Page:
I was still purging these binges, but again, this was WAY trickier since I shared a bathroom with 20 or so hall mates.  I’d pick a time of day when most people were out (having a social life) and then go “take a shower”.  Once under the sound of the water, I’d purge into the shower drain. 

Thinking about that now, makes me shiver in disgust and embarrassment.  But that’s the truth – that’s what I did.

I also hid laxatives and diuretics in my private closet.  Way back in the back, where my roommates couldn’t find them.  I used them EXCESSIVELY – popping 6 or 7 laxatives at a time.  After months of this, it got to the point where they just stopped working.  This might be TMI (isn’t this entire series?), but due to my laxative abuse, I STILL have problems with my bowels.  Please use me as a warning! 

This binge-purge/laxative abuse cycle lasted my entire Freshman year.  I had no social life, GREAT grades, and had broken up with my boyfriend of 3 years.  Essentially, life was lifeless. 

The good thing?  I knew it and I recognized it. 

The Road to Recovery (ahhhhh!)

Two things played a role in my recovery – my relationship with God and meeting Travis.  Actually, those two things are SO very intertwined that they could be classified as one.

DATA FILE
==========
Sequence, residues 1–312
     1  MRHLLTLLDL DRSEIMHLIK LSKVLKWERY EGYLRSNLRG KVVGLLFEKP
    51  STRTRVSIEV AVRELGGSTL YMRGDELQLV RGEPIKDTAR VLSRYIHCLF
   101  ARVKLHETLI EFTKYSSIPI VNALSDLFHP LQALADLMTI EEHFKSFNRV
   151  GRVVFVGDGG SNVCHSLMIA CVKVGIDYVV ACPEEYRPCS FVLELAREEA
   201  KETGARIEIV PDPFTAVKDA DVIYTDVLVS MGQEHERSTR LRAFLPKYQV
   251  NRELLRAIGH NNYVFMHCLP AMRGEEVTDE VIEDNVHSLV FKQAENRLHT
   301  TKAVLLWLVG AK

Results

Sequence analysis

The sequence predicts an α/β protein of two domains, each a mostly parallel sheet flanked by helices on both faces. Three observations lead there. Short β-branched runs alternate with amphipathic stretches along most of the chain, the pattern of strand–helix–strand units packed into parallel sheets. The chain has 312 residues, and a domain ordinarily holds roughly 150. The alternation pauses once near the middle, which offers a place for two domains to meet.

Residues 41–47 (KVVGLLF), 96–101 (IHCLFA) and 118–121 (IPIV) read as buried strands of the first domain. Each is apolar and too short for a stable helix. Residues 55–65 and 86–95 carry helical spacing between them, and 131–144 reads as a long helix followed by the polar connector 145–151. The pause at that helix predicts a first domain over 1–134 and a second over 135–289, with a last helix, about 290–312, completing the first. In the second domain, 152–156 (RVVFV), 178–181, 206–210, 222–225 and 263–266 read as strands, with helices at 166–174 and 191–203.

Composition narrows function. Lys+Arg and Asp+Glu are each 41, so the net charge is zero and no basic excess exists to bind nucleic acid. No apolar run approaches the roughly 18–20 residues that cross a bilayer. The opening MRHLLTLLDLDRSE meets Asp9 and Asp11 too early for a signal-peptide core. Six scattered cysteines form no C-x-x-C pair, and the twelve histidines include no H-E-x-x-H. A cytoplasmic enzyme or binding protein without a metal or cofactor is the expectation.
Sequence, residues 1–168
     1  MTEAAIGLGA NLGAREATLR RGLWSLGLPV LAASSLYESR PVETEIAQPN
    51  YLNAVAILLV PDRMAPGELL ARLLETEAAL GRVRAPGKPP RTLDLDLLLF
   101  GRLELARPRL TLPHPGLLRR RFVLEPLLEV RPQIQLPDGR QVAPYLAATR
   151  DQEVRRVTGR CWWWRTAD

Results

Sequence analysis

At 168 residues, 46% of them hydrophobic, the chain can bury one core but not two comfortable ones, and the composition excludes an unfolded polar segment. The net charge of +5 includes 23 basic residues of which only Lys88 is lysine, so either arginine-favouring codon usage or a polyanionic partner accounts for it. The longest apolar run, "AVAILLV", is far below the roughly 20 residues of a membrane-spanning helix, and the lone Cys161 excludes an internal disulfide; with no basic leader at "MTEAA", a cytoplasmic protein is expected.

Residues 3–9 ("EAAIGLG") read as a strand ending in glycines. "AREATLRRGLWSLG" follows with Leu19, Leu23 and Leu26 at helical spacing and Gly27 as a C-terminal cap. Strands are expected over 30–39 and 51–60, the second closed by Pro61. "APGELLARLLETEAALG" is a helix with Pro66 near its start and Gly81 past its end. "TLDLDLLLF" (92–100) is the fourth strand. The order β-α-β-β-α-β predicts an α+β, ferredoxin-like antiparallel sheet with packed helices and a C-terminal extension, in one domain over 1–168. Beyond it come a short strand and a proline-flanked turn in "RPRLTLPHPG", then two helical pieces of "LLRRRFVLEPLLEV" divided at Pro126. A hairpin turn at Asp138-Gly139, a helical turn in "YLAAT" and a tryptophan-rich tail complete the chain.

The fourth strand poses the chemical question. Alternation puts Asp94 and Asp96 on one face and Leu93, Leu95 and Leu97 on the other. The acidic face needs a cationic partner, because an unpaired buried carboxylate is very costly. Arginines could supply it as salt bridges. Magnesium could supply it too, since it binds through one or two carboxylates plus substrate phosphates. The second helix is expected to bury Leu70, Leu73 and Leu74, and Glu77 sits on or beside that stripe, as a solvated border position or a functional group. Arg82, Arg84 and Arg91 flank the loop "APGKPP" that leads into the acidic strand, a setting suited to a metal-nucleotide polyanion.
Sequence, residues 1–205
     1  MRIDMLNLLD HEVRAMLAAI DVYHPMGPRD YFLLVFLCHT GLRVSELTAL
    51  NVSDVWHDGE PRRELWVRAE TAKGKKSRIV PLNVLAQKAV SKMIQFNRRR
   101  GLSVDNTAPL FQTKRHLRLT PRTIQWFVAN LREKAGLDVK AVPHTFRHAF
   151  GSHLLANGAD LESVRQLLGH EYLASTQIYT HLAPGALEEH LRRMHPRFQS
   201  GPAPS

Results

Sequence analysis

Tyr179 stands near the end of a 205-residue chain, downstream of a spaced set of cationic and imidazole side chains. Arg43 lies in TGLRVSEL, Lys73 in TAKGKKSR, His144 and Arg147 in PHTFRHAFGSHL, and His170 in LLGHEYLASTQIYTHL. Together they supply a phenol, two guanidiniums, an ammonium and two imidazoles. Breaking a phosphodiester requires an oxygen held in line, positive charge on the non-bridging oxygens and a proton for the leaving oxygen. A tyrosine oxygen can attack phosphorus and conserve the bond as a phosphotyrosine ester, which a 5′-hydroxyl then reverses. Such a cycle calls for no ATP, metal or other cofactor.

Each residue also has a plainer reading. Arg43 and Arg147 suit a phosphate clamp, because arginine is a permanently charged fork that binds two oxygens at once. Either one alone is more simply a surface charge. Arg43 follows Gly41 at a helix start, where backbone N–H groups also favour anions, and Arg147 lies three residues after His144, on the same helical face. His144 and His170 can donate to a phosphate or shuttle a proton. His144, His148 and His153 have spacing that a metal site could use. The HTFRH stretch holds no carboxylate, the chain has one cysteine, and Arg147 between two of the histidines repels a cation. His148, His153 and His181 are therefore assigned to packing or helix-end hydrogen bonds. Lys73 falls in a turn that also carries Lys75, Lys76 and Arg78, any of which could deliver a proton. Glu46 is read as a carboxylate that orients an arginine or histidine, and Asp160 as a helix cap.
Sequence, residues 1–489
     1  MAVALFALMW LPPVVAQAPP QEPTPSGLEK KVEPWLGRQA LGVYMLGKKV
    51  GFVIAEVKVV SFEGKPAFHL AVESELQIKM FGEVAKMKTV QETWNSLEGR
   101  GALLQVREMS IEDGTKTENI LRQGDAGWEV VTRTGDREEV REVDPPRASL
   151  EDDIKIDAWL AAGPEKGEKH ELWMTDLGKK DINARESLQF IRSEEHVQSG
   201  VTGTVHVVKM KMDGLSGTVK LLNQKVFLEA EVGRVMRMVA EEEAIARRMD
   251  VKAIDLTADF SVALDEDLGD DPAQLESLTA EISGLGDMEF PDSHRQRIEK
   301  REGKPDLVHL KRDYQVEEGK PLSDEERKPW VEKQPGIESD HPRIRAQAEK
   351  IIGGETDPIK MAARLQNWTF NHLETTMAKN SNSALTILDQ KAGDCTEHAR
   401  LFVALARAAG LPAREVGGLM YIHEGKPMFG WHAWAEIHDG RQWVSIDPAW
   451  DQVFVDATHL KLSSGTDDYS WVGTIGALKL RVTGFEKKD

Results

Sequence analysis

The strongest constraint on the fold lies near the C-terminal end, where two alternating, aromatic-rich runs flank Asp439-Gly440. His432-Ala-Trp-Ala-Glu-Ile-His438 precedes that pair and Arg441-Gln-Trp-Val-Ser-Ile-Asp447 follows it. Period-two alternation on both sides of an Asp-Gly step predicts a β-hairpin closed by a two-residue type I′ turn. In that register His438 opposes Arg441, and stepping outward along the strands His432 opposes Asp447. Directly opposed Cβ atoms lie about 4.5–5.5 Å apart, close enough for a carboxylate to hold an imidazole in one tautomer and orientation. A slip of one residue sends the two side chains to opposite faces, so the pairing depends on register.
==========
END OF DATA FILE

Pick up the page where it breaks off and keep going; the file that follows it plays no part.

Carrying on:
#1 – My Faith

I was raised in a Christian household, saved at a young age and thought I knew God’s love.  But throughout my ED, I was running from Him.  I’m sure it was because I knew that my behavior was wrong.  The mistreatment of my body was like slapping God in the face.  My actions SCREAMED,

“I don’t appreciate this gift that You’ve given me.” 

“I want to have more control than You!” 

“I don’t trust You!”

It’s so very hard to walk close to God when you’re screaming at Him.

My roommate in college (a girl I grew up with actually), invited me to church numerous times.  I rejected her invitations (and in fact, sometimes got angry at them – didn’t she know that I was already a Christian?)  But slowly, God softened my heart and opened me up to her requests.  And I went.  And I got more involved.  And made friends.  Christian friends who came in all shapes and sizes and ate food together and laughed.